College Media Conference Focuses on ‘Real News: Taking Higher Education’s Story to the Media’

A near record number of participants explored the theme “Real News: Taking Higher Education’s Story to the Media” at the 2018 College Media Conference. Co-hosted by CIC and the American Association of State Colleges and Universities (AASCU), 237 campus PR professionals engaged with top journalists and seasoned communication experts at the June 25–27 meeting in Washington, DC. Sessions drew more than 300 participants from across the United States, as well as Mexico and Qatar.

An opening panel featuring Wall Street Journal Reporter Melissa Korn, Slate News Editor Chad Lorenz, and Diverse: Issues In Higher Education Executive Editor Jamal Watson addressed “Trending News on the Higher Education Front.” Korn said that higher education has a vocal “chorus of doubters,” but that she wanted to know what schools were doing to articulate their value. Korn said she is interested in the return on investment (ROI) of college, campus innovations, financial pressures on colleges, state disinvestment in education, performance of endowments, and, of course, numbers and data. She advised campuses to highlight “why people are going to college, the types of jobs and skills graduates end up with, and the kinds of careers they have.” Salary information, while not all-encompassing, is important to audiences and to parents.

Lorenz described Slate as primarily a news commentary magazine. Topic-driven, Slate follows issues such as free speech, sexual assault and harassment, race and admissions policies, the replication crisis in science research, college debt, and the effects of the Trump administration on higher education.

Watson said that he always leaves the conference with many story ideas, and he encouraged participants to talk with him. Watson cited the 24/7 news cycle and the lack of civility and respect for the media as having a serious impact on current reporting. He asked participants to make their campus experts available, to ensure the college website is up to date, and to clearly post contacts for the media.

All the panelists encouraged colleges and universities to take the offensive to explain ROI, outcomes, student success, and to use data whenever possible. “Do not shy away from controversy,” Watson advised, “tell your side of the story.” The panelists also urged campus communicators to address the decline in public trust by using the testimonies of faculty and students, which can be very powerful.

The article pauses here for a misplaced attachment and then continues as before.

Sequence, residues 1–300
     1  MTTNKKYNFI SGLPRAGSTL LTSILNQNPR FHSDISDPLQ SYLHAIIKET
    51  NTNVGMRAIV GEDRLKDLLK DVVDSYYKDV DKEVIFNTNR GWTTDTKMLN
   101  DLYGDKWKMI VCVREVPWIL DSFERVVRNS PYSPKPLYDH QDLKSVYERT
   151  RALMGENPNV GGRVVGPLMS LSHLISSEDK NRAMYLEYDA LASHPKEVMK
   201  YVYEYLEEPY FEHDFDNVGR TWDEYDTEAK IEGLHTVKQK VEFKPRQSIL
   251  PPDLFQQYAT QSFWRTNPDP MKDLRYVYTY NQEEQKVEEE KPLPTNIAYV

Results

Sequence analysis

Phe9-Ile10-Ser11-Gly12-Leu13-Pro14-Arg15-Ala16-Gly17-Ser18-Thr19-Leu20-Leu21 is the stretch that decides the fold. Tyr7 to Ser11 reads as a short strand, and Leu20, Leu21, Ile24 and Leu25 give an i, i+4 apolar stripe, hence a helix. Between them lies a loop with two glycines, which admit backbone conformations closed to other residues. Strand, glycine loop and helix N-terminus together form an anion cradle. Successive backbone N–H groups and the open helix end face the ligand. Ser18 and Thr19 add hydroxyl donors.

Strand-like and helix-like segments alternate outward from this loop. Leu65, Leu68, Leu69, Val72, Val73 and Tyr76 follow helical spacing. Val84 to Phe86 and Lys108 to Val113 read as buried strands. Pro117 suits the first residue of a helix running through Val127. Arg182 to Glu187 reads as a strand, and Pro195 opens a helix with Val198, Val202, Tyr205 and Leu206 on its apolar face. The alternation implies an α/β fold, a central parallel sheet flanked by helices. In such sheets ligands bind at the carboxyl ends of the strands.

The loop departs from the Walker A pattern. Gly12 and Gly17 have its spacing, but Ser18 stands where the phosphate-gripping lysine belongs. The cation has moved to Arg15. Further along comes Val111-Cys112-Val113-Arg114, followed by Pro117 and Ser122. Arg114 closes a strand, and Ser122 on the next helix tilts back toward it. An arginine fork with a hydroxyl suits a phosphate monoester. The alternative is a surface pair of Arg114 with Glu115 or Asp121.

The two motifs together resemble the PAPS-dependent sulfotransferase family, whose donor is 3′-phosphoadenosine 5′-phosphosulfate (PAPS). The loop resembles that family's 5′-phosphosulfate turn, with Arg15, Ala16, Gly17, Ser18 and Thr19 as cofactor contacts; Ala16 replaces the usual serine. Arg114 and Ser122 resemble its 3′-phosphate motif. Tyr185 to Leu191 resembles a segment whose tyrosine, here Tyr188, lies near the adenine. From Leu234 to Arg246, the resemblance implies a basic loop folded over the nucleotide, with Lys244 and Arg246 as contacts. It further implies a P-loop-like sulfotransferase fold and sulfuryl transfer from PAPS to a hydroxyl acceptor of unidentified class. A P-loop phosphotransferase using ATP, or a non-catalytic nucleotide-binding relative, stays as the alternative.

Four presenters seated in chairs on stage
In a special session sponsored by The Chronicle of Higher Education, “Tackling Public Mistrust of the Value of Higher Education,” editor Liz McMillen drew on the perspectives of José Luis Cruz, president of Lehman College of the City University of New York; Richard Ekman, CIC president; and Lynn Pasquerella, AAC&U president.

The conference featured more than 40 presenters, including journalists from such media outlets as the New York Times, ABC News, CBS This Morning, CNN, National Public Radio, Kilplinger’s Personal Finance, Money, Science, Politico Pro, BuzzFeed News, Chronicle of Higher Education, Inside Higher Ed, and Education Dive. Participants connected with presenters and colleagues through sessions as well as morning roundtable discussions, an evening reception, and newsroom tours.

Sessions explored such topics as working with opinion editors, enhancing relations between presidents and the press, working with regional media, improving crisis communications, and harnessing the power of social media. Media relations consultant Michael Smart advised participants how to pitch stories effectively in a climate where “there are four PR people for every journalist in the country.”

A special session sponsored by The Chronicle of Higher Education focused on “Tackling Public Distrust of the Value of Higher Education.” Chronicle editor Liz McMillen moderated a panel that included José Luis Cruz, president of the Herbert H. Lehman College of the City University of New York; Richard Ekman, president of CIC; and Lynn Pasquerella, president of the Association of American Colleges & Universities (AAC&U).

McMillen opened the session by asking “On a scale of one to ten, how would you rate the level of public trust in higher education?” Ekman and Pasquerella said “two,” while Cruz offered a “six” rating. Ekman said he takes the long view in looking at causes: Politicians began to sow seeds of distrust 20 years ago, and it “snowballed.” Pasquerella discussed causes such as cost, debt, and intolerance on the national level. She added that colleges enjoyed more trust among constituents locally. Cruz said that minority-serving institutions received more support and trust, but he expressed concern that the distrust would make its way into minority communities that most need the upward mobility path that higher education offers.

Ekman admitted that “Colleges are not blameless.... We discounted conservative critics and did not answer their questions when they first arose.” Pasquerella said the public’s disdain and mistrust of experts has amplified the problem. Cruz emphasized, “We must provide counter-narratives that demonstrate the real success our students are having.”

Resources from the 2018 College Media Conference are available online.